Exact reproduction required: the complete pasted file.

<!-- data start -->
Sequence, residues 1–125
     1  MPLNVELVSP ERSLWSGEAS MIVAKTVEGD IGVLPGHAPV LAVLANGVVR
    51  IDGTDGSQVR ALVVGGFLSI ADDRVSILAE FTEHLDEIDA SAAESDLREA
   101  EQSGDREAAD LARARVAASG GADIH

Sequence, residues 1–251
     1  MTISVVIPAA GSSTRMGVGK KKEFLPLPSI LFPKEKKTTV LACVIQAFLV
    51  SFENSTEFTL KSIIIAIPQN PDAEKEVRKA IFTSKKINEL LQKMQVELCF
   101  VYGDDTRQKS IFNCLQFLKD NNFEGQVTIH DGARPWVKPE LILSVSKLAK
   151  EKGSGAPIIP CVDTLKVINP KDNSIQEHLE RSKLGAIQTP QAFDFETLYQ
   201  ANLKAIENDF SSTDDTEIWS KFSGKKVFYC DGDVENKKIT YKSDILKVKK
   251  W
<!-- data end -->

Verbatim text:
Sequence, residues 1–125
     1  MPLNVELVSP ERSLWSGEAS MIVAKTVEGD IGVLPGHAPV LAVLANGVVR
    51  IDGTDGSQVR ALVVGGFLSI ADDRVSILAE FTEHLDEIDA SAAESDLREA
   101  EQSGDREAAD LARARVAASG GADIH

Sequence, residues 1–251
     1  MTISVVIPAA GSSTRMGVGK KKEFLPLPSI LFPKEKKTTV LACVIQAFLV
    51  SFENSTEFTL KSIIIAIPQN PDAEKEVRKA IFTSKKINEL LQKMQVELCF
   101  VYGDDTRQKS IFNCLQFLKD NNFEGQVTIH DGARPWVKPE LILSVSKLAK
   151  EKGSGAPIIP CVDTLKVINP KDNSIQEHLE RSKLGAIQTP QAFDFETLYQ
   201  ANLKAIENDF SSTDDTEIWS KFSGKKVFYC DGDVENKKIT YKSDILKVKK
   251  W